Under his watch, the group posted one of the most productive seasons in franchise history in 2011, setting new team records and finishing first in the NFL among receiving corps in yards (3,667), yards per game (229.2) and touchdowns (38). The touchdown total was the second highest in league history by a receiver group and all five players at the position posted 25 or more catches for the first time in franchise annals.
On an individual level in 2011, Bennett helped guide Jennings to his second consecutive Pro Bowl berth during a season that saw the sixth-year pro on pace for several career highs before a knee injury kept him out of the final three regular-season games. Additionally, he was instrumental in the development and emergence of Nelson, who in his fourth season posted new career highs in every major statistical category and was named an alternate for the Pro Bowl. Nelson led the team with 68 catches for 1,263 yards and an impressive 15 touchdowns, the third most in team history.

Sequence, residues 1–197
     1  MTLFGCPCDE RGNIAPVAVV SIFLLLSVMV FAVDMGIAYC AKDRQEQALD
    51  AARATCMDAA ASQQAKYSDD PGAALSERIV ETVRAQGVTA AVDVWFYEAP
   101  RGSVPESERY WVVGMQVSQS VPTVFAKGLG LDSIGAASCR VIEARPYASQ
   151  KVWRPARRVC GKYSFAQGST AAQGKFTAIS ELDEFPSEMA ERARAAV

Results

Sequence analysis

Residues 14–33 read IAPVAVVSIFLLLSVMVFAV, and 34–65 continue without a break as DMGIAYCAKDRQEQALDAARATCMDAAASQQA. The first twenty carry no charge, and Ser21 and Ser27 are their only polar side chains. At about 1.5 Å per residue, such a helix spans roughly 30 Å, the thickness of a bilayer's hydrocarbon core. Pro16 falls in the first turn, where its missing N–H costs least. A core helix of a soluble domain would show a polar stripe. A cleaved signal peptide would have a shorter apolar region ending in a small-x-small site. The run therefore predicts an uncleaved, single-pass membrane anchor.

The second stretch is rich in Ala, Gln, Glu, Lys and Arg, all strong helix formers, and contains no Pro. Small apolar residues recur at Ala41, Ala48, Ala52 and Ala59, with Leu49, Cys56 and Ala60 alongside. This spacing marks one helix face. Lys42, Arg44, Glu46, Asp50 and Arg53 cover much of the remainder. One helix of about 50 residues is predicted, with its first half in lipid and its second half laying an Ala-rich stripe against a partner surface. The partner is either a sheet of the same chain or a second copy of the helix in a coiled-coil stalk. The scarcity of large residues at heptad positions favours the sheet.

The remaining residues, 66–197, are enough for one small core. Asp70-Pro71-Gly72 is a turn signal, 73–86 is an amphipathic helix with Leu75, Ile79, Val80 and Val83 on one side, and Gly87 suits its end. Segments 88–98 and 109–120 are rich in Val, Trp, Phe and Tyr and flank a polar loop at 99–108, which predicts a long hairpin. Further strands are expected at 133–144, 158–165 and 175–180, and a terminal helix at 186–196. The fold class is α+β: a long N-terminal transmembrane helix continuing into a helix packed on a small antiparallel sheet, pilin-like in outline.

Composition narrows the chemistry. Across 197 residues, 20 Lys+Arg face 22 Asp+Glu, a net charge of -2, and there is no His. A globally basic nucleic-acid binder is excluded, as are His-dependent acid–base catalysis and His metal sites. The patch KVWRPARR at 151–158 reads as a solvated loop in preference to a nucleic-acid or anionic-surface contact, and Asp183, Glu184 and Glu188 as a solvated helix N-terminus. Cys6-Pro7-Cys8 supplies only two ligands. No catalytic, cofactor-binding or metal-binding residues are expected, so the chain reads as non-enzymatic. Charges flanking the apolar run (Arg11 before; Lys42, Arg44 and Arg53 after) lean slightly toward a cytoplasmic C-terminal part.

In what is a true testament to the intense emphasis on ball security that marked Bennett’s career as a player and now as a coach, the receiver group has not committed a turnover in either 2011 or 2012, despite a combined 489 touches on offense.
Prior to becoming wide receivers coach, Bennett oversaw the development of several key running backs in Green Bay’s stable from 2005-10.
James Starks was a sixth-round draft pick in 2010 who missed all of training camp and the first 11 games of his rookie season recovering from a hamstring injury – this after missing his senior season in college following shoulder surgery. But when Starks was healthy, Bennett got him ready to go. He rushed for 73 yards in his NFL debut vs. San Francisco (Dec. 5) and added a franchise rookie playoff-record 123 yards in the NFC Wild Card game at Philadelphia (Jan. 9).